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So You Want to Write about Cats? Here’s Some Advice

You might already be a writer, or you might not be; either way, here's what I've learned.

Catherine Holm  |  Nov 20th 2015


I never intended to write about cats. I believed I was solely a literary fiction writer and a freelance writer. Strangely, I freelanced about anything but cats: education text, politics, literary criticism, biographies, commercial matters. I ignored the huge passion and life interest that was most obvious.

But at some point, I started using cats in my writing. First I wrote a cat fantasy fiction novel. Then I wrote a cat-themed memoir (and am now working on a second). I met the folks at Catster, joined the Cat Writers’ Association, and a world of cat writing and cool cat folks opened. How could I not write about cats? Suddenly, I had ideas and inspiration. I even aimed to write about our dogs, though I feel that I have more to say about cats.

Do you believe that you want to write about cats? Or do you already? Here’s some advice — some of it cat-specific, and some that applies to any writing:

  • It takes discipline — daily or regular practice: Some writers write best in the morning, others at night. I feel most fine-tuned when I write daily, in some capacity. It might be a Catster article; it might be a piece of the memoir. But it keeps me tuned. That said, I am not perfect. My writing has not been my highest priority in the past several months as I dealt with big personal stuff at home. But you can bet I felt the hole in my heart. Writers are wired to write, and we miss it when we aren’t doing it, even though it can be tough.
  • Be patient with yourself — you might write a lot of crap first: Language can be a really clumsy medium. You might know what you want to say but can’t make it sound perfect. You might not even know what you want to say yet. Write a lot. That’s how you get better. And read. This is very important because, subconsciously or consciously, you will assess the writing and notice what works and what doesn’t. Read a variety of genres from a variety of sources. I love to read fiction at night before bed. Tim Ferriss suggests doing so in his book, The 4-Hour Work Week, as a relaxation and sleep inducer. I agree.
  • Find the topics that resonate with you — this will produce the truest writing: What do you care about most? Crafting a fine fiction story? Writing about trap-neuter-return? Writing about adoption efforts? Taking adorable photos of your cat and crafting great captions and dialogue? Find your passion. This might take some time as you experiment and try different things.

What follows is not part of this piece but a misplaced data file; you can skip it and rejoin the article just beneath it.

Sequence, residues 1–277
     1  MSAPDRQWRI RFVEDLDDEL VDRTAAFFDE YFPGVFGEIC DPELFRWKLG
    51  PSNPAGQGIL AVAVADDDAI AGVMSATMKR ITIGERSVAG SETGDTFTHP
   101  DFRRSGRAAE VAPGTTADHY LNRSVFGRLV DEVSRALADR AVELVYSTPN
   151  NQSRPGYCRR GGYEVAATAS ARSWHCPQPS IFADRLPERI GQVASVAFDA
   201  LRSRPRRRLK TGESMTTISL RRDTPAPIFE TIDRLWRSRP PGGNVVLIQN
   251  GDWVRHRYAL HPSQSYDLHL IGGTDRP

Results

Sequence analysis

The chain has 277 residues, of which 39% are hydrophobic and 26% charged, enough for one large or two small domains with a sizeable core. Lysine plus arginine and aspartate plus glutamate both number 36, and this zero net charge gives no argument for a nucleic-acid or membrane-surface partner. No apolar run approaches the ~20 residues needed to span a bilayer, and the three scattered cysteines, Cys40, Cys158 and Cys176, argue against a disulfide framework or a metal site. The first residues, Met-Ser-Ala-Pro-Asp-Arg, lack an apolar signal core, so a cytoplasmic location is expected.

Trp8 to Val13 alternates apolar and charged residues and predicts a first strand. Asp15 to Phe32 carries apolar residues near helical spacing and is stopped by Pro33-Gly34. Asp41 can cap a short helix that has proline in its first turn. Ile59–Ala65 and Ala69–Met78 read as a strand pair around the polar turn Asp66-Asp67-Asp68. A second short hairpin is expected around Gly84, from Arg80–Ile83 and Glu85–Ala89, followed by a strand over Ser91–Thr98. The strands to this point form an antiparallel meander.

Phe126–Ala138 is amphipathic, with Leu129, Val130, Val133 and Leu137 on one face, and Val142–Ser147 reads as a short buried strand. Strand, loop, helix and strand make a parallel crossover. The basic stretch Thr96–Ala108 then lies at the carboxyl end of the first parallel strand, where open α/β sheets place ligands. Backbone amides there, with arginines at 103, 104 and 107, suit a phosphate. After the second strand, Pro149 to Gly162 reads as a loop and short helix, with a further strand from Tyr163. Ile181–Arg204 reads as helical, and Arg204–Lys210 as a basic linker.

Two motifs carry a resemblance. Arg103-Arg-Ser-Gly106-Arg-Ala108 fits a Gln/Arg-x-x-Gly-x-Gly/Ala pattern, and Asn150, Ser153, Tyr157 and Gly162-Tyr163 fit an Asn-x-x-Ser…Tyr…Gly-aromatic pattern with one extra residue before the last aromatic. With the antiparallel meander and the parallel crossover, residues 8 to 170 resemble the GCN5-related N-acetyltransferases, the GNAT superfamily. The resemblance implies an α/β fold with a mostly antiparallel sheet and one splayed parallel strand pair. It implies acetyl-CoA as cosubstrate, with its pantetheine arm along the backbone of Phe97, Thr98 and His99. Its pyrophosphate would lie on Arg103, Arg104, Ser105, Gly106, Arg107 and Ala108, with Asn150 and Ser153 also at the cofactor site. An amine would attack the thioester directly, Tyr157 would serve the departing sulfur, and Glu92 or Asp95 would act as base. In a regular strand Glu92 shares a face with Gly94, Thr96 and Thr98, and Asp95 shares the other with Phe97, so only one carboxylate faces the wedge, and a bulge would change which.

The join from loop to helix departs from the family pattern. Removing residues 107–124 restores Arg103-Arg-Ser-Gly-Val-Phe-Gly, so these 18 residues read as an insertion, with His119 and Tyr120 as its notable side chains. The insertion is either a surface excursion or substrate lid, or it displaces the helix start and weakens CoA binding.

• Observe your cats — they’re a great source of inspiration and ideas: We all love cats. The way your cat flops or leans into you for a head rub could be the next idea for your blog post. Does your cat chirp or talk to you? What is he saying? Learn to observe your cats with a quiet mind, and the ideas will come. For example, I am giving my cat Rama chemo pills. At first, I was very stressed by this, as I have to wear gloves, and it’s best if the pills don’t get wet. I immediately made the process as difficult as possible by using a piller. I later learned that Rama loves pill pockets and will gobble pill and pocket with no trouble. Very easy for all, and it was the start of an idea for a post about how I make things harder than they need to be.
little-cat-reads-book-shutterstock_89848777

Little cat reads book by Shutterstock

  • Develop a thick skin: Writing is not always easy. You’re putting your heart out there, and people can jump all over it. You’ll get rejected. Additionally, people in the animal world can have strong opinions, and sometimes, people can behave badly online.
  • Choose your medium but be open to change: Once, I thought I was only a book writer. Now, I also write online, and I am developing my blog. Is your interest blogging? Books? Print? Other types of articles? Fiction or nonfiction? Photography or visual art? Find the avenues that work best for you.
  • Stay true to your message: The more you write, you’ll know when you craft a message that’s true to your heart. Your audience will tell you, too, with responses.

Do you write about cats? I’d love to hear your advice, or any insights you have on writing about these amazing companions and creatures.

More by Catherine Holm:

About Catherine Holm: Cat Holm is the author of The Great Purr, the cat-themed memoir Driving with Cats: Ours for a Short Time, and a contributor to Rescued: The Stories of 12 Cats, Through Their Eyes. She’s also a yoga instructor. Cat love living in nature and being outside every day, even in winter. She is mom to six adorable cats, all of them rescues.